- Sabah state in Malaysia is working to adapt its palm oil industry, ensuring all growers are sustainable producers by 2025.
- Whilst the palm oil industry has brought jobs to nearly 4.5 million people in Indonesia and Malaysia, it has also caused mass deforestation.
- The Sabah government hopes that these revolutionary efforts will help protect forests, end labour abuses and improve agriculture practices.
Malaysia’s Sabah state, on Borneo island, is looking to revolutionise its palm oil industry with a decade-long initiative that will ensure all growers adopt ethical standards and are certified as sustainable producers by 2025.
The innovative project, launched in 2015, brings together the state’s authorities, plantation owners, palm oil traders and buyers, green groups and local communities.
Led by the Sabah government, the scheme will help all oil palm growers – big and small – first earn national-level green certification as a stepping stone to meeting the global standard managed by the Roundtable on Sustainable Palm Oil (RSPO).
It is hoped the state’s effort will help protect and restore forests, improve agriculture practices and oil palm yields, resolve land disputes, end labour abuses and eventually give producers access to international premium-paying buyers.
The “jurisdictional” approach being pursued across Sabah is “globally recognised as a pioneering model” to tackle deforestation and improve labour rights in the supply chain, said Robecca Jumin, head of conservation in Sabah for green group WWF-Malaysia, which is backing the initiative.
While large companies have the resources to earn RSPO certification, small and medium-sized growers find it harder to comply and need a support system like Sabah’s, she added.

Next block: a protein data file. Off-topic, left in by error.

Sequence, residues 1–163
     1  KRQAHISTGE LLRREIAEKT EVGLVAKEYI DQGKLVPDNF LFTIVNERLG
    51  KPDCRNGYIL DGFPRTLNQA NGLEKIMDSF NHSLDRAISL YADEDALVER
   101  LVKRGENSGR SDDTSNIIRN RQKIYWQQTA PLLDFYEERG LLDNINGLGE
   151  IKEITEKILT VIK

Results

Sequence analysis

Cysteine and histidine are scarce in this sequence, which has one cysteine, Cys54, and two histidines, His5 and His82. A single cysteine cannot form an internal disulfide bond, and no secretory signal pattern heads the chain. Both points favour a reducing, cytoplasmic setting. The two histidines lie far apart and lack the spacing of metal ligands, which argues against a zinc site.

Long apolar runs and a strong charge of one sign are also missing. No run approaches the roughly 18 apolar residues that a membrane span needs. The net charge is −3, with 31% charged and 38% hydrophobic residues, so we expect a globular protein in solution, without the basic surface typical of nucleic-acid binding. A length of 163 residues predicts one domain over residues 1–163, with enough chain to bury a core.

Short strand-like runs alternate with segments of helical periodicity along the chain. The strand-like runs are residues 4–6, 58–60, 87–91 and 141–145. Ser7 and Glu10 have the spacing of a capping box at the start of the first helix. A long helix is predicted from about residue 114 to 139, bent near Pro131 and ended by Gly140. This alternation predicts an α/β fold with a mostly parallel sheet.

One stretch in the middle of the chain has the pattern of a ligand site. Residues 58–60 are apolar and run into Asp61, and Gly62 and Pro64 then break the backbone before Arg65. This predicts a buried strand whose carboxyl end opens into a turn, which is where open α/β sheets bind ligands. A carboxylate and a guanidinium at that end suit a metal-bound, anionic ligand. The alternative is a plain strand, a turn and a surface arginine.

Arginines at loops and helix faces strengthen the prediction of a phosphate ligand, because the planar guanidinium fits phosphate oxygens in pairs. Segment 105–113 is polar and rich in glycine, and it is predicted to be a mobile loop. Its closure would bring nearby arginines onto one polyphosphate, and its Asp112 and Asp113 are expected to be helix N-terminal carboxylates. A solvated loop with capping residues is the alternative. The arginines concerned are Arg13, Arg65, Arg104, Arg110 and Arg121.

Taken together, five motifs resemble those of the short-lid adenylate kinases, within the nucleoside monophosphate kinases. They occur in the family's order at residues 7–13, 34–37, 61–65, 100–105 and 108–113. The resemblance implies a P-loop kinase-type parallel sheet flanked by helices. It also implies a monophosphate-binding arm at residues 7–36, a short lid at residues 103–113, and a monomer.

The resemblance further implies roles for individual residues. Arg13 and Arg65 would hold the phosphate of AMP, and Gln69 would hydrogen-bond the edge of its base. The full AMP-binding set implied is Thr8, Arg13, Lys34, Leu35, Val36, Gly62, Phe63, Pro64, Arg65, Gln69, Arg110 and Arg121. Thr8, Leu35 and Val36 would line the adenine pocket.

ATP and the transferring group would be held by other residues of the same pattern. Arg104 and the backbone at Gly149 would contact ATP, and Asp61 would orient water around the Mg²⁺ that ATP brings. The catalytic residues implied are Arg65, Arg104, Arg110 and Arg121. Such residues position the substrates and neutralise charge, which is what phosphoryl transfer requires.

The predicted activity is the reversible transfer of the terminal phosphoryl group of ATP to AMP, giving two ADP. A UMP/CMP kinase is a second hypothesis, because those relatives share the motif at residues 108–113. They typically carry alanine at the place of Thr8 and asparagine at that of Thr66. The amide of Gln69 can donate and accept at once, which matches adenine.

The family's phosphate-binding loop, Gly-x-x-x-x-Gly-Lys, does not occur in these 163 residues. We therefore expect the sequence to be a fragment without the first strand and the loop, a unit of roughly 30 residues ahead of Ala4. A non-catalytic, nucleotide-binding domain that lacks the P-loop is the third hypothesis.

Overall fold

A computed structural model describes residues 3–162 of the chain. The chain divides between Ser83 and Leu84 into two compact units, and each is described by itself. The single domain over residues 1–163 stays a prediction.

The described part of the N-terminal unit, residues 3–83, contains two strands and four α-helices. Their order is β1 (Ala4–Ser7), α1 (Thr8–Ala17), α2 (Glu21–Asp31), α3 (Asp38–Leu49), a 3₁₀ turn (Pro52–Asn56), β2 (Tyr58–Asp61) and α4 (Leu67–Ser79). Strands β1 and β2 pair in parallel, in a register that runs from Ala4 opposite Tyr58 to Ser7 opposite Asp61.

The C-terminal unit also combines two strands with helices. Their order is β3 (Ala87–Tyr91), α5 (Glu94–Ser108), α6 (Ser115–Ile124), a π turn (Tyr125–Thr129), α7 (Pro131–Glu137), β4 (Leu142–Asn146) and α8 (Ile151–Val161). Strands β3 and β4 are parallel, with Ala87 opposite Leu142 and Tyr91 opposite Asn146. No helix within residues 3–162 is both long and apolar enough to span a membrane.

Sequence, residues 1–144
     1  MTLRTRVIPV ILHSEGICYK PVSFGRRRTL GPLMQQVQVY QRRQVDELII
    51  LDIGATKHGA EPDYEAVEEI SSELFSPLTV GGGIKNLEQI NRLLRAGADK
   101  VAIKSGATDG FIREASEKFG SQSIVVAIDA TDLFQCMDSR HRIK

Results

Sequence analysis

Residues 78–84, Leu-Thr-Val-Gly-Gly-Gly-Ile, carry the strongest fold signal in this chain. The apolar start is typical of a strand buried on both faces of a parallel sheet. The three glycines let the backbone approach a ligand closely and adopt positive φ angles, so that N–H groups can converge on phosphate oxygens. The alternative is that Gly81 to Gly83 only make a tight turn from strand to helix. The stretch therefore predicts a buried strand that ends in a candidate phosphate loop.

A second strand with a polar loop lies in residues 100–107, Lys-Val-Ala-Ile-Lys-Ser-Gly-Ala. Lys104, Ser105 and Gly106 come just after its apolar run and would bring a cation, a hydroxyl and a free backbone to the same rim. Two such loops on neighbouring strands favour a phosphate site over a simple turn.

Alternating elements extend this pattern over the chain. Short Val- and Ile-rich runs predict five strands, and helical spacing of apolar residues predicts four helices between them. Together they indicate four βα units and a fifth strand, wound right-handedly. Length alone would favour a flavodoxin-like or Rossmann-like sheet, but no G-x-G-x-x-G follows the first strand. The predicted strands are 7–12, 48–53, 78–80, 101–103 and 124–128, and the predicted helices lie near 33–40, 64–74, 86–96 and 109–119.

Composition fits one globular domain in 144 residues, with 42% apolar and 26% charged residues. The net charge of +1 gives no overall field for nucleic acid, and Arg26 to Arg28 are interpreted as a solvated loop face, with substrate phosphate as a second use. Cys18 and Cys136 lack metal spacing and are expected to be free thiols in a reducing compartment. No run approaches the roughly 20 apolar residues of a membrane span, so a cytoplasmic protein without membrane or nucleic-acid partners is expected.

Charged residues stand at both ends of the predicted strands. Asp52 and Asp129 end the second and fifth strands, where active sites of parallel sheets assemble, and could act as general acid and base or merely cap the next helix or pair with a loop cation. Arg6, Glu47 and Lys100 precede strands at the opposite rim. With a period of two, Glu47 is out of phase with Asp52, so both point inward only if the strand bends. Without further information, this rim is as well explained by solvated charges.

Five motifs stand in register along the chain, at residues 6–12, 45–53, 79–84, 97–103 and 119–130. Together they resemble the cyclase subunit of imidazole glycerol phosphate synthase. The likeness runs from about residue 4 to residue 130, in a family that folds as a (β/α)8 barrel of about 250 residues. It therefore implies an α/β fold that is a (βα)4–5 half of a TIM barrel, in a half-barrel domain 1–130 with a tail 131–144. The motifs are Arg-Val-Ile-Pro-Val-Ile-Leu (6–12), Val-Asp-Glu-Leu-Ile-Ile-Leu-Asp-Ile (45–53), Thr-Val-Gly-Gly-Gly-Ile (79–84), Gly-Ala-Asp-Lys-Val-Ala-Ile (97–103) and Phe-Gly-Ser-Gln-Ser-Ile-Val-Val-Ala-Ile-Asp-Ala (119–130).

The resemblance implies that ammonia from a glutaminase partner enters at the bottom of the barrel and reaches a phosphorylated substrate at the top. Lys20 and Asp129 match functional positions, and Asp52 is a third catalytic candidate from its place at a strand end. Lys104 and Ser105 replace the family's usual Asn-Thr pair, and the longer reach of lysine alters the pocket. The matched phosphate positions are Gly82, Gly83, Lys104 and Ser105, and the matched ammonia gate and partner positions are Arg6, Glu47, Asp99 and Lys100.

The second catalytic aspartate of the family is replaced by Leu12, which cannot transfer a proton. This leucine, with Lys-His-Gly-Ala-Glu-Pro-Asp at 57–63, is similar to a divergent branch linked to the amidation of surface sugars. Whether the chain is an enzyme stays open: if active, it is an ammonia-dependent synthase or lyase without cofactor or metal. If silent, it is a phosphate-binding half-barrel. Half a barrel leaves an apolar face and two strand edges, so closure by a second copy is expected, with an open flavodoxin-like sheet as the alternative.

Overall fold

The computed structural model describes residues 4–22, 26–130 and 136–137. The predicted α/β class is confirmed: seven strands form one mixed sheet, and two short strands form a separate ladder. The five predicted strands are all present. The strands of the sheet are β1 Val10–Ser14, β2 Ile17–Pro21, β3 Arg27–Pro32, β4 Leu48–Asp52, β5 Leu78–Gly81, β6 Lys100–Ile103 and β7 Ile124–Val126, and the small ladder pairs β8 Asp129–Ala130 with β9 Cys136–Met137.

Here’s why the state’s scheme matters, both to communities and global efforts to protect ecosystems and the climate:
What is palm oil and what are its uses?
The oil palm tree originates in West Africa where it grows in the wild to heights of more than 60 feet (18.3 metres).
Oil palm was introduced to Malaysia by the British and to Indonesia by the Dutch in the mid-1800s, and was first planted as an ornamental tree.
The palms start bearing fruit about 30 months after planting, and are productive for the next 20 to 30 years. They produce four to 10 times more oil than other vegetable oil crops per unit of cultivated land.
Palm oil is used in a wide range of food and household products, from biscuits, ice-cream and chocolate spread to soaps and cosmetics, as well as in biofuels.
Malaysia and Indonesia account for about 90% of global palm oil output, while India, China, Indonesia and Europe are the main consumers.
Sabah produced about 5 million tonnes of palm oil in 2020, or 6% of the global total, according to WWF.
How have palm plantations impacted Southeast Asia’s forests?
Across Indonesia and Malaysia, about 4.5 million people earn their living from palm oil production. The business has helped lift millions out of poverty, industry officials say.
But in many parts of the two Southeast Asian nations, the clearance of land to grow oil palm has caused deforestation, despite pledges by big firms to end it.